aRating scale: 1, 2, 3 usually not appropriate; 4, 5, 6 may be appropriate; 7, 8, 9 usually appropriate.
Adapted from American College of Radiology ACR Appropriateness Criteria®, 2013.9
US, ultrasound; MRV, magnetic resonance venography; CTV, computed tomographic venography; DVT, deep vein thrombosis.
TABLE 19.2 American College of Cardiology Foundation (ACCF) Appropriate Use Criteria for Lower Extremity Venous Duplex Ultrasound
Adapted from: American College of Cardiology Foundation Appropriate Use Criteria Task Force; American College of Radiology; American Institute of Ultrasound in Medicine. ACCF/ACR/AIUM/ASE/IAC/SCAI/SCVS/SIR/SVM/SVS/SVU 2013 appropriate use criteria for peripheral vascular ultrasound and physiological testing. Part II: Testing for venous disease and evaluation of hemodialysis access. Vasc Med 2013;18(4): 215–231. doi: 10.1177/1358863X13497637. PMID: 23897935.
EPIDEMIOLOGY OF VENOUS THROMBOEMBOLISM
DVT and pulmonary embolism (PE), jointly termed “venous thromboembolism” (VTE), represent a major clinical problem. Prevalence estimates suggest that there are over 900,000 VTE cases annually in the United States, with as many as 300,000 PE deaths each year.13 After heart disease and stroke, VTE is the third most common vascular disease. To put the magnitude of the problem in perspective, it has been pointed out that deaths from PE are five times more common than deaths from breast cancer, motor vehicle accidents, and AIDS combined.14 Data used by the American College of Chest Physicians (ACCP) for VTE risk estimation have suggested that 31% of hospitalized patients are at risk for VTE, which represents approximately 12 million patients per year.15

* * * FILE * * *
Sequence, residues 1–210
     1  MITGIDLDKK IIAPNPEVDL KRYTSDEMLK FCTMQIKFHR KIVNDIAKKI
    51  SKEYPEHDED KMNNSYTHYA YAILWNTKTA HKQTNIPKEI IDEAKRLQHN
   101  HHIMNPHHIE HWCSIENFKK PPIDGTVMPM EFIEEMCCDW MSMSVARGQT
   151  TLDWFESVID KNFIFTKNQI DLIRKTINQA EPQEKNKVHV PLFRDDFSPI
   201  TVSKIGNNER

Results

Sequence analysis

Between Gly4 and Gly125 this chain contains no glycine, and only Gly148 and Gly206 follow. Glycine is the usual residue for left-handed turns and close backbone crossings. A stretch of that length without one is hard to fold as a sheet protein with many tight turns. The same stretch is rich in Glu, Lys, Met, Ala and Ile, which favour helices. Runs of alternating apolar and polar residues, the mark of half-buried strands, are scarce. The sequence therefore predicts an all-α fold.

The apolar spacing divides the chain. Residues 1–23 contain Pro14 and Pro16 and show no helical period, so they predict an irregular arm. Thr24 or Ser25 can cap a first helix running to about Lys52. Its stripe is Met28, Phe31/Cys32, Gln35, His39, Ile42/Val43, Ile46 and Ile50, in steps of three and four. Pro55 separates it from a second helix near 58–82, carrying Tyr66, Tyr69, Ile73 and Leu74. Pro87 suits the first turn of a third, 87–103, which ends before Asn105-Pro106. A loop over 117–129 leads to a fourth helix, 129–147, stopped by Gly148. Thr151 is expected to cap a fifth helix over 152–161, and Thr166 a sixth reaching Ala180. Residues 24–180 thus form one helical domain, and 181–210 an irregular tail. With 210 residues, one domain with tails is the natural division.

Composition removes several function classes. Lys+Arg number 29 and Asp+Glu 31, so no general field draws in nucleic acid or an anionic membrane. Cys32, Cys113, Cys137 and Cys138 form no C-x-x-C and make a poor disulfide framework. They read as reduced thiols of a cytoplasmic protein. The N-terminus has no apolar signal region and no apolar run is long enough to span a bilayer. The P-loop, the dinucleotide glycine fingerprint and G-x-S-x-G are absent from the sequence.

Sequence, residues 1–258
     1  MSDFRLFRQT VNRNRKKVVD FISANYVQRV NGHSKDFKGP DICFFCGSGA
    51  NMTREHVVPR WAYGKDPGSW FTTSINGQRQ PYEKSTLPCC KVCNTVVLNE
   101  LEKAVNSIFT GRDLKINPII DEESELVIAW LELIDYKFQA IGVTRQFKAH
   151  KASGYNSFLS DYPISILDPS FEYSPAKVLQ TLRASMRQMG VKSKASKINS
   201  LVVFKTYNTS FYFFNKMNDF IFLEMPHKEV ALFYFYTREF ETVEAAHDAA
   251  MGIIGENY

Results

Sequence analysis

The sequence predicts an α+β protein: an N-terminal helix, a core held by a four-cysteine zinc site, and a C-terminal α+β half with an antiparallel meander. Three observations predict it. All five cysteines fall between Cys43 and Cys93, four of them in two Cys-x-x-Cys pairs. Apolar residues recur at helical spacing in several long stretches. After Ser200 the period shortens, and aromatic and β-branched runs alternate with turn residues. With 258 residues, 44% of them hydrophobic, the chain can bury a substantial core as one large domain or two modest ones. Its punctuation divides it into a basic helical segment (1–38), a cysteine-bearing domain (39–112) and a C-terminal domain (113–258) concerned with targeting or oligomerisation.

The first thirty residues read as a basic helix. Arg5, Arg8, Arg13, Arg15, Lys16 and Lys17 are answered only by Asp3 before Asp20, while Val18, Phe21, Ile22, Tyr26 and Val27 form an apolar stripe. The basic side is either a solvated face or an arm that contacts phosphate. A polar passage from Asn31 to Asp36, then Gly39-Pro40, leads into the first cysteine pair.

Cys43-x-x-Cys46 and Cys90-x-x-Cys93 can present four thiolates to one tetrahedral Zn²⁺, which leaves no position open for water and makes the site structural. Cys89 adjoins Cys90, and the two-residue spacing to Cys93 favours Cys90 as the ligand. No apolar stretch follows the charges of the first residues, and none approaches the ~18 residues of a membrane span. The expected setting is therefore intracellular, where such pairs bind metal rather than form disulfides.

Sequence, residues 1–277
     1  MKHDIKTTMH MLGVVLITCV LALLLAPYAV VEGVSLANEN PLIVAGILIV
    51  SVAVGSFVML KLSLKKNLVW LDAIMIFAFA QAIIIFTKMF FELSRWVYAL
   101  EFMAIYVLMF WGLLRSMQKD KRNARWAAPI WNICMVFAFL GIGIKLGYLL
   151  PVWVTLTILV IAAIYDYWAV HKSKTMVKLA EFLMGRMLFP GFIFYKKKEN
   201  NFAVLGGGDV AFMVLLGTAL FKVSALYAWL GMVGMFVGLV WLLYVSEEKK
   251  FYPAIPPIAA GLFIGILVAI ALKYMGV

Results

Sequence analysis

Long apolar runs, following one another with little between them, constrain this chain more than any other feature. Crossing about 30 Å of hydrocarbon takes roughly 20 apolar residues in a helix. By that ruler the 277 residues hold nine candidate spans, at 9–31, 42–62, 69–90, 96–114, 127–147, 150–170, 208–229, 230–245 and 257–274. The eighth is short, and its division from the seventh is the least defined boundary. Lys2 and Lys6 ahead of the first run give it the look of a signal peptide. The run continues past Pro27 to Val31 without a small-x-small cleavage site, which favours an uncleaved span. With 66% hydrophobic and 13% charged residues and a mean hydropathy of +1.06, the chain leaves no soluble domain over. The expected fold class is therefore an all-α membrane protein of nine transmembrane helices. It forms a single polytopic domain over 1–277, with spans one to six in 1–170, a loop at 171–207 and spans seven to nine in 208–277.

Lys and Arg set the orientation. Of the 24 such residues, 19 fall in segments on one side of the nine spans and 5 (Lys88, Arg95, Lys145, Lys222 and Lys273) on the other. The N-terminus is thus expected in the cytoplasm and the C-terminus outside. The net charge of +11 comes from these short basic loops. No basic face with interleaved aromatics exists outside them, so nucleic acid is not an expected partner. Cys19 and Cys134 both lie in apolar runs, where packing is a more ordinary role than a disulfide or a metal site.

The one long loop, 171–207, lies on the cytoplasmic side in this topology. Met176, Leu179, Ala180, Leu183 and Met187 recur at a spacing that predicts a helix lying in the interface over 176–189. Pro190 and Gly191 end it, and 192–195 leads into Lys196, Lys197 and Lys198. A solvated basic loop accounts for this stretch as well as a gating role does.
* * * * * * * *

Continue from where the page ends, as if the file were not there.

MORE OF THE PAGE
In addition to the acute risks associated with DVT, many patients subsequently develop symptoms of postthrombotic syndrome (PTS), with pain and limb swelling that can be debilitating (see Chapter 21). These symptoms can develop months or years after the acute episode of thrombosis.16,17 PTS can substantially impact quality of life. The overall incidence of PTS is estimated to be as high as 30%, although the incidence of symptoms may be higher for some subgroups of DVT patients, in particular those with iliofemoral venous thrombosis.18
The significance of VTE as a public health problem prompted the US Surgeon General to issue a “Call to Action to Prevent Deep Vein Thrombosis and Pulmonary Embolism” in 2008.19 This initiative urged greater understanding of the risk factors and triggering events for developing DVT and PE, better recognition of the symptoms, and implementation of steps to prevent and treat these serious conditions. VTE patient safety measures were developed as a result of the National Consensus Standards for the Prevention and Care of Deep Vein Thrombosis project between the Joint Commission and the National Quality Forum (NQF). Six VTE measures were endorsed by the NQF in May 2008, and these aligned with priorities of the Centers for Medicare and Medicaid Services.20 Joint Commission Hospital National Patient Safety Goals emphasize the need for appropriate prophylactic measures.21